There’s an unquenchable desire for online video content. More than two full days' worth of footage is added to YouTube every minute of every day, and more than three billion people login to the site each day. Whether it’s a blog or a video of your cat, there’s a huge audience out there waiting to watch your videos.
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While many computers now come with a web camera, or webcam, integrated into the frame of the monitor, it generally offers a lower quality than what you can get from a standalone device. What’s more, the latest webcams can now support high definition video, recording in both 720p and 1080p resolutions.
The benefits of high definition are obvious. Higher quality video, with plenty of definition and clarity make the viewing experience much more enjoyable. For all intents and purposes though, the benefits of 1080p over 720p are negligible for webcams, thanks to small image sensors and relatively cheap lenses.
- While we tested the 1080p functionality of the compatible webcams, the 1080p performance wasn’t taken into account in the final scores.
- Processing high definition video requires some grunt in your computer hardware, especially for 1080p. So while all the webcams on test have minimum specifications for basic use, the specs required for HD recording are a little bit higher.
- If you’re serious about recording high definition video, making sure your computer is up to the job is your first task.
- And while most HD webcams come with some basic software that allows you to record and edit high definition video, none of the programs supplied are truly up to the task of detailed video editing, although a quick Google search will show there are plenty of third party solutions available. For our testing, we used the software that was provided.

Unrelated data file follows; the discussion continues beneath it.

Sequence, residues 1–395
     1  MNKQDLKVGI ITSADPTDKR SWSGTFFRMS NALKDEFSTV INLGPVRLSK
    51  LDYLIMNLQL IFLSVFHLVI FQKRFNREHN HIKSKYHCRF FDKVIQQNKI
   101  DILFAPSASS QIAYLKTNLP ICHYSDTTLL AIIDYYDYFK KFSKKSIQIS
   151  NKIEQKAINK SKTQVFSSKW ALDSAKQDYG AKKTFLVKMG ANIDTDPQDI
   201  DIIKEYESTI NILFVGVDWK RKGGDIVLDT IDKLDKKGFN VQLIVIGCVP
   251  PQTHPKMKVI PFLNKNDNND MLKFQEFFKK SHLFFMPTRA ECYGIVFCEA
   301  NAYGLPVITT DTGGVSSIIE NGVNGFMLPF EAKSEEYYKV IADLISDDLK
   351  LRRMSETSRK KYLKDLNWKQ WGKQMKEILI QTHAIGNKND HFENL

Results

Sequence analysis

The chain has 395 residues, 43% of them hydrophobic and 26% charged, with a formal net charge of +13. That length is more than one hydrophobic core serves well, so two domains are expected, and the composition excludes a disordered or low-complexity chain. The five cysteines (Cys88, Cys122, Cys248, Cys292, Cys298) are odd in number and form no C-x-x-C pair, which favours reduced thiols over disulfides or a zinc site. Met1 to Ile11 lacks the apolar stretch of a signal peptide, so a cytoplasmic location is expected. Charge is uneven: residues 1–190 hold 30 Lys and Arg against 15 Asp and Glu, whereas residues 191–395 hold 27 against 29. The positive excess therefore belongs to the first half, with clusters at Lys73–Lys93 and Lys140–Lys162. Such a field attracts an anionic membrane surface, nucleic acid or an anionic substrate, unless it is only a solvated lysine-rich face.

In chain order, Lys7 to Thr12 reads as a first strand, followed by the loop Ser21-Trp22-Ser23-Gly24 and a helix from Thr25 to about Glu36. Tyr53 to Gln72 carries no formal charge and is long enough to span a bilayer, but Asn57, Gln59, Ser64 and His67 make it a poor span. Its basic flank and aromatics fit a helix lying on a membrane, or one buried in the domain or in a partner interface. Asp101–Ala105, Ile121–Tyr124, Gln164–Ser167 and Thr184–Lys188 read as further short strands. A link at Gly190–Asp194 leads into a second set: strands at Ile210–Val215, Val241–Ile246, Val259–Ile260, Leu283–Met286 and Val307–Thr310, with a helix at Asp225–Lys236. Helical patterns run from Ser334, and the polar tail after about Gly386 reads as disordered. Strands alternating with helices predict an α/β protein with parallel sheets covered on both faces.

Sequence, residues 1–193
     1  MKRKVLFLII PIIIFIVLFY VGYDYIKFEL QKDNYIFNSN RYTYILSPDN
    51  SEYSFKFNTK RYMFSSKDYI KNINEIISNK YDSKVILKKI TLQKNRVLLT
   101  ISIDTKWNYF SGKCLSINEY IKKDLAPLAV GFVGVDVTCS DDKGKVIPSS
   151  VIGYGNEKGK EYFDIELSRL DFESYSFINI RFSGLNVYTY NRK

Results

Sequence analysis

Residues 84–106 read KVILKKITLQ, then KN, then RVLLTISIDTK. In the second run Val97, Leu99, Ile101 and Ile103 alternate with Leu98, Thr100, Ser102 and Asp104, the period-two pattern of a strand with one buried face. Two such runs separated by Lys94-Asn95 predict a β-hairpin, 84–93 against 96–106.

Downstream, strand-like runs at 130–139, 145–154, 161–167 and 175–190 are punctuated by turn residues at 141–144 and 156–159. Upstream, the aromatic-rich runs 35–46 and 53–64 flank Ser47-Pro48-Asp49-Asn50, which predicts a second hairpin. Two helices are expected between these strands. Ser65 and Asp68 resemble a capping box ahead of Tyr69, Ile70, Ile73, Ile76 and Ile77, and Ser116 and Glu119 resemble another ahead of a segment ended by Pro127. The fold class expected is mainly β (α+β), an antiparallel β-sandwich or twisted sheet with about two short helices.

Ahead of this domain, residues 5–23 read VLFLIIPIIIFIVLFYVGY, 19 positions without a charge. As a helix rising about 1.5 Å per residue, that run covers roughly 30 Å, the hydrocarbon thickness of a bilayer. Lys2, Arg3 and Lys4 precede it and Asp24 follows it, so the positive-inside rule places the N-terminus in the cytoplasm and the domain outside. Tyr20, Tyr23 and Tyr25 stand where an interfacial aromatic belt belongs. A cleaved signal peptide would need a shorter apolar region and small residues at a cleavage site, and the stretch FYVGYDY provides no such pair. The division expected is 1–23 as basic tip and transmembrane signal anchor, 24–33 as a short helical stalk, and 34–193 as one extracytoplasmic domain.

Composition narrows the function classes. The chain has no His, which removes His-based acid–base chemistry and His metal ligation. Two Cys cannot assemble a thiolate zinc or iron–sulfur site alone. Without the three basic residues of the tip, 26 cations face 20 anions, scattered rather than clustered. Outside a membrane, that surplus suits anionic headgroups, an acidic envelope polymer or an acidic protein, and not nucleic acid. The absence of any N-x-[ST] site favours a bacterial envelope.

It’s not just video sharing applications like YouTube that can take advantage of a high definition webcam. Applications like Skype or Windows Live Messenger, which allow people to video conference anywhere in the world for free, can also take advantage of the superior audio and video quality inside standalone HD webcams.
Now that ISPs are introducing broadband plans with higher speeds and data allowances all the time, high definition video conferencing is the way of the future. The Australian government is even hinging its message for the National Broadband Network around the idea of HD video conferencing for telecommuting, telemedicine and education .
It’s important to note that in many cases, free video conferencing software only has limited high definition support. But even for services that don’t support HD at all, the superior lens and sensors on HD webcams will still generally offer an improvement in image quality, as we found when testing with the standard settings while making Skype calls.
- Creative Live!Cam Socialize HD 1080
- Creative Live!Cam Socialize HD AF
- Creative Live!Cam Chat HD
- Genius FaceCam 2025R
- Logitech HD Pro Webcam C910
- Logitech HD Webcam C510
- Logitech HD Webcam C270
- Microsoft LifeCam Studio
All webcams are tested using the same Core i7 Acer Travelmate PC in the same location on the same day to be as consistent as possible with lighting conditions and computer performance. Overall performance is rated on a both performance and ease of use.
Performance: Measuring the tilt and rotation angles of the webcam and the stability of the attachment to the computer screen. Analysing the number of frames per second (FPS) and the bitrate (in Mbit/s) recorded in a short video at 720p resolution. Comparing the colour on a captured still to a basic colour wheel printout. Testing video and audio delay in a video conference situation using Skype, and testing the audio quality of a recorded video. Because only two webcams included the ability to record at 1080p, this wasn’t factored into the overall performance scores.
Ease of use: Testing how easy it is to attach to the computer screen, how easy it is to take a still image and a video, how simple it is to share videos via email or social networking sites, and checking how difficult it is to set up security features like motion detection. In each case, the included (or recommended) software was used to test the camera’s performance, although there are plenty of webcam software alternatives.
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